Feds Say Felon Tried to Board Plane With AR-15, Fake Badge

Multiple weapons, including taser, were found in man's luggage at Newark airport
By Rob Quinn,  Newser Staff
Posted Feb 28, 2023 6:00 PM CST
Feds Say Felon Tried to Board Plane With AR-15, Fake Badge
Stock photo.   (Getty Images/kenlh)

A New Jersey man banned from owning weapons tried to bring several guns and fake US Marshal credentials on a flight to Florida at the end of last year, federal prosecutors say. Seretse Clouden, 42, faces multiple charges stemming from his attempt to board a flight from Newark Liberty International Airport to Fort Lauderdale on Dec. 30, CBS reports. In a statement, the US Attorney's office in New Jersey said that during routine screening of checked luggage, TSA agents found "two .40 caliber Glock magazines, each containing 15 rounds of .40 caliber ammunition and a ballistic vest carrier that displayed the words 'Deputy Marshal'" in a bag belonging to Clouden.

When they checked Clouden's other luggage, agents found an "ASP expandable baton, a spring loaded knife, a taser, a .40 caliber Glock 22 handgun, a .308 caliber DPMS Panther Arms rifle, and one 5.56 caliber AR-15 rifle, which meets the definition of a machine gun," the statement said. According to a criminal complaint filed Feb. 9. agents also found fake United States Marshal with Clouden's name and photo, along with a badge. The United States Marshals Service confirmed that Clouden wasn't employed by the service and never had been. Agents went to the gate Clouden's flight was due to depart from and he admitted that he didn't have law enforcement credentials or firearms ID cards, NBC reports.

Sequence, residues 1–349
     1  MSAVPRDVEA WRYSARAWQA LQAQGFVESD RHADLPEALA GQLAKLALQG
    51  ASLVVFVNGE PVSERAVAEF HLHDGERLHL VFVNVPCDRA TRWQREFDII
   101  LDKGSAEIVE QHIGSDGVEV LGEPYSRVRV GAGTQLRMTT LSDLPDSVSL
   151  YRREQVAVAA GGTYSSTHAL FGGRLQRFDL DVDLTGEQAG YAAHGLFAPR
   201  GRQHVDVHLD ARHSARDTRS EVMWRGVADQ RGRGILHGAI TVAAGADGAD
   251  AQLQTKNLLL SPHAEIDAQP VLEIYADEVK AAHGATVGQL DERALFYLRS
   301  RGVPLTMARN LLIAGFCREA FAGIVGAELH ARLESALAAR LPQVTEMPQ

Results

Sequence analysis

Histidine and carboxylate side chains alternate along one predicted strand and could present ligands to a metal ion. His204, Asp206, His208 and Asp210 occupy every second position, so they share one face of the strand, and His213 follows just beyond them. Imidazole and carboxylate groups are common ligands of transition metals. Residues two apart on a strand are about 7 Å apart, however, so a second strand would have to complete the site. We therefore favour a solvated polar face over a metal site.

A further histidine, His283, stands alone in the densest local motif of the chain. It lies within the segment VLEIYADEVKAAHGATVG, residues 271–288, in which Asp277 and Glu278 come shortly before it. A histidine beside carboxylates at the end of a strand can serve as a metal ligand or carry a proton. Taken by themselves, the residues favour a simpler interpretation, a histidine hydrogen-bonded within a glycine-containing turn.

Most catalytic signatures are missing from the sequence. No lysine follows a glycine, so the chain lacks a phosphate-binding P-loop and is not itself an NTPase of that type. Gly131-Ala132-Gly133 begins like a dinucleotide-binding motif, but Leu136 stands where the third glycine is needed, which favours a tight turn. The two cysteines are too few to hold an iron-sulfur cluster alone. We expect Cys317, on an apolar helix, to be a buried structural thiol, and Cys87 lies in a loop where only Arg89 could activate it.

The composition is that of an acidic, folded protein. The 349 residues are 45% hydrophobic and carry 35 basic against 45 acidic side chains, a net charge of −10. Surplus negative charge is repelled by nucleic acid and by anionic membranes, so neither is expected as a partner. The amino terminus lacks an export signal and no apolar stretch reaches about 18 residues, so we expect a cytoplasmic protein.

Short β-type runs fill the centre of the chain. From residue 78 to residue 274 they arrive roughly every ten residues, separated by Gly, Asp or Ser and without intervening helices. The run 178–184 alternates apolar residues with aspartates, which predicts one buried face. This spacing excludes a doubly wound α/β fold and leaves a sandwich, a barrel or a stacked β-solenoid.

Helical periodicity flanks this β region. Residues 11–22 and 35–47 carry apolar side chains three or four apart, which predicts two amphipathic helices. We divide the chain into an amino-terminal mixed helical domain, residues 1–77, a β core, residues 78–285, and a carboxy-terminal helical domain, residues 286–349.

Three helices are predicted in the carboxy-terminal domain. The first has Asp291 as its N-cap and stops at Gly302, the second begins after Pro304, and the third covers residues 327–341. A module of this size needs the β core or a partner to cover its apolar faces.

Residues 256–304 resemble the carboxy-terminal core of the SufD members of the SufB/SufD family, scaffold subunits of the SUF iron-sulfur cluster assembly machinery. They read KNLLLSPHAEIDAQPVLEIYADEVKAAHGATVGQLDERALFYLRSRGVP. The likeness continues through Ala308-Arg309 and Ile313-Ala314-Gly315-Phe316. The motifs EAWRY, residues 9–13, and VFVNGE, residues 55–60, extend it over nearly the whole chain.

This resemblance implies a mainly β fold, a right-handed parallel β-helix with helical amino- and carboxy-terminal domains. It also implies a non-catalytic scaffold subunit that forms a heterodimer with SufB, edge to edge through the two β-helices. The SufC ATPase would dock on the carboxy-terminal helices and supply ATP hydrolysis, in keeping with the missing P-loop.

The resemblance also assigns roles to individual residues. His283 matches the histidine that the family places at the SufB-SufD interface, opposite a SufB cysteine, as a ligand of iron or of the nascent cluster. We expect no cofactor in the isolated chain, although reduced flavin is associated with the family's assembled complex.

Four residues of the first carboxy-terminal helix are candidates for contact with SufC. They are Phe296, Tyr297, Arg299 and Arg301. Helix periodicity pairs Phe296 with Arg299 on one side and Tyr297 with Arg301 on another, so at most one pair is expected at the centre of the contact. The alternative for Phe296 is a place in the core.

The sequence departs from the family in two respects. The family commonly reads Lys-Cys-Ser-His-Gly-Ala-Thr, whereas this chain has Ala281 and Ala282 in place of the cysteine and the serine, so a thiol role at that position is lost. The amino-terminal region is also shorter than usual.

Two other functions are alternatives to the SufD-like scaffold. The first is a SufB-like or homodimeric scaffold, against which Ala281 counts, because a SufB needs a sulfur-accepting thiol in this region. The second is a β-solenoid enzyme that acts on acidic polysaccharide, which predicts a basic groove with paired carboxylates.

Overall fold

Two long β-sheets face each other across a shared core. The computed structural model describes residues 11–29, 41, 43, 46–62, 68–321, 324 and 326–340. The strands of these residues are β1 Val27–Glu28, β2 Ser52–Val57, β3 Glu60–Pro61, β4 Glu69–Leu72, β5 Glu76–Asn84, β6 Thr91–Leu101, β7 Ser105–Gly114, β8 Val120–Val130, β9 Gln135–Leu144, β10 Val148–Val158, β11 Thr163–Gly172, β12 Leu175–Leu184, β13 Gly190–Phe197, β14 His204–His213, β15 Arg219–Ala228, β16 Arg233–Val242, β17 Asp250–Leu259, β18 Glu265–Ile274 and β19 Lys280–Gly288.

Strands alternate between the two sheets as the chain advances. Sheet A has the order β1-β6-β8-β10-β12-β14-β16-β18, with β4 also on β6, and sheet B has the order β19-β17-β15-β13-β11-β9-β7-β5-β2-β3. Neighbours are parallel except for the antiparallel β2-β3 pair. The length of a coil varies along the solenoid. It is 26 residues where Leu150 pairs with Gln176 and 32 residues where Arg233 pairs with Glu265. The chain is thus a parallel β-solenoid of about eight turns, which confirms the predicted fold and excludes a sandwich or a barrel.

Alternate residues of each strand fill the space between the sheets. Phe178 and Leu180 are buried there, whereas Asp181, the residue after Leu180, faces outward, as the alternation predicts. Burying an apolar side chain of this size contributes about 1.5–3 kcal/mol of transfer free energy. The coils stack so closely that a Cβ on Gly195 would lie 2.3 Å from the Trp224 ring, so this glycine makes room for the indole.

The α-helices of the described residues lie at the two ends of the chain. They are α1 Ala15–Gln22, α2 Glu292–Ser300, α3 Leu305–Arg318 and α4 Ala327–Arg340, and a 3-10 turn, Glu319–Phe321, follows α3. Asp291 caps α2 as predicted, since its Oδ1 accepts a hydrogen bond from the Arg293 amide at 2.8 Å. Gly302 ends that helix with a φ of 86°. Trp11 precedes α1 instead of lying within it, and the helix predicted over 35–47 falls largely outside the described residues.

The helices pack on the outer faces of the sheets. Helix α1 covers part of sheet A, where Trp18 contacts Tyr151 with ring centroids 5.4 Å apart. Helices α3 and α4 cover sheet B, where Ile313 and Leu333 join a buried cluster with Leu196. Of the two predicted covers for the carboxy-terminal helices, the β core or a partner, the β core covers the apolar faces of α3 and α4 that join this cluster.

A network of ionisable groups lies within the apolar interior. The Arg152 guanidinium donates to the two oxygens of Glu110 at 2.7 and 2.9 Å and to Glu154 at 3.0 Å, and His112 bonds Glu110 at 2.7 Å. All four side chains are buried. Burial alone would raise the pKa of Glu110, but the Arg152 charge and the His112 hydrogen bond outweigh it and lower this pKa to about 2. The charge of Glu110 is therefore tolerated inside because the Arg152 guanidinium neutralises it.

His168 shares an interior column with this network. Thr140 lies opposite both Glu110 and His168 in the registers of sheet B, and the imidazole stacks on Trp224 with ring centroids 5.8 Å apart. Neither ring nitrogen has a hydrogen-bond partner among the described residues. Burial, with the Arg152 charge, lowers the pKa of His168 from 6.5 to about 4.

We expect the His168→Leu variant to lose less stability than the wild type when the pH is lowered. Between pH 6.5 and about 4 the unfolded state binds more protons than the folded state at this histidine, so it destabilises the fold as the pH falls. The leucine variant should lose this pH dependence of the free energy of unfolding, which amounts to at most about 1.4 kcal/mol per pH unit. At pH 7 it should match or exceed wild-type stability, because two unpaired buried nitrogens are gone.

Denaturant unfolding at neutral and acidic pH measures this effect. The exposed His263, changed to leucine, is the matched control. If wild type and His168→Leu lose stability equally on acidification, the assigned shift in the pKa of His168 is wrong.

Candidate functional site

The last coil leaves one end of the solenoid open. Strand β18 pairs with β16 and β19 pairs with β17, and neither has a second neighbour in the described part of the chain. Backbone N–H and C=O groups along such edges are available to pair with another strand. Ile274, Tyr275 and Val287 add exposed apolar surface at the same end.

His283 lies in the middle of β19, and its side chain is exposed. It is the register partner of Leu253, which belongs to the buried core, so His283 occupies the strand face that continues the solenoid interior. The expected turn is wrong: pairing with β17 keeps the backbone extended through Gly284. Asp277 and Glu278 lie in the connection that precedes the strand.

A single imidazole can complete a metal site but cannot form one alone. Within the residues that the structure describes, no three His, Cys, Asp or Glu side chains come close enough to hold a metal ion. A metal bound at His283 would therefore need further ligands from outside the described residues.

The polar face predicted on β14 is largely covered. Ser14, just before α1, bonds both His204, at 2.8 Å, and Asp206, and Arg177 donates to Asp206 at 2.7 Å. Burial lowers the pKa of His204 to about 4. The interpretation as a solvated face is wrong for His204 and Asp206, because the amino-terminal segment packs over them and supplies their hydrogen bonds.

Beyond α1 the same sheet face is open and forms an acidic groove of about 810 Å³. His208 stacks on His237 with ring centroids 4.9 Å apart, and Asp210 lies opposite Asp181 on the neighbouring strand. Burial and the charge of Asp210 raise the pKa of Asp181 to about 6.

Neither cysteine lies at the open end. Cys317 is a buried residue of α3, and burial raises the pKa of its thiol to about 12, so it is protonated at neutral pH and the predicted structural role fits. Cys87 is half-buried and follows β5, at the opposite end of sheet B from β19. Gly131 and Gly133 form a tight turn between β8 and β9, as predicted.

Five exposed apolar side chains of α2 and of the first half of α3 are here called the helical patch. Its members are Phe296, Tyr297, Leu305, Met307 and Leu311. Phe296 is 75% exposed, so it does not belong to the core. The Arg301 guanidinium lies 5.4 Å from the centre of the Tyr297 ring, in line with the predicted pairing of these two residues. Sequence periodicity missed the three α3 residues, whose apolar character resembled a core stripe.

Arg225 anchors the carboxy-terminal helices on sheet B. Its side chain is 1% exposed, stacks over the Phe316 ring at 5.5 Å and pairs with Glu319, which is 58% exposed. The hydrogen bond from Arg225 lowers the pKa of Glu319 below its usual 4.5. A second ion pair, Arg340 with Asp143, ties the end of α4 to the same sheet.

Clouden, who pleaded guilty to unlawful possession of a weapon in 2016, faces charges including unlawful possession of firearms and ammunition by a convicted felon and fraudulent possession of an identification document. "It’s absolutely not acceptable for firearms to be anywhere near checkpoints," TSA spokesperson R. Carter Langston said, per the New York Daily News. "There is a legally permissible way to bring firearms in checked baggage, but you have to be legally able to carry a firearm in your jurisdiction, declare it with the airline, and pack it properly in a hard-sided and locked case." (More airport security stories.)

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